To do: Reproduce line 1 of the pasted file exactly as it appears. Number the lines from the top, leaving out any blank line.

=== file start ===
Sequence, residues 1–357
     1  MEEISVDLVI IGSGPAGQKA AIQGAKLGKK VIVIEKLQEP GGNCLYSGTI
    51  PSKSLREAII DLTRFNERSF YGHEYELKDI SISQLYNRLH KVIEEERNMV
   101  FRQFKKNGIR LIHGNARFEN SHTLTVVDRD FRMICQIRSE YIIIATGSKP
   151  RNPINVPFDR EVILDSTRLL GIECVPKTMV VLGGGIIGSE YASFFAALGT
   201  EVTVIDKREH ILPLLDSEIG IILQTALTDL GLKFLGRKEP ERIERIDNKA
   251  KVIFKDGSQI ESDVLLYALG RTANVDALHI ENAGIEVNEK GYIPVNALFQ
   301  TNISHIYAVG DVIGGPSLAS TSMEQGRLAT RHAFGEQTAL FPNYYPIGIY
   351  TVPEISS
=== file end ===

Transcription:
Sequence, residues 1–357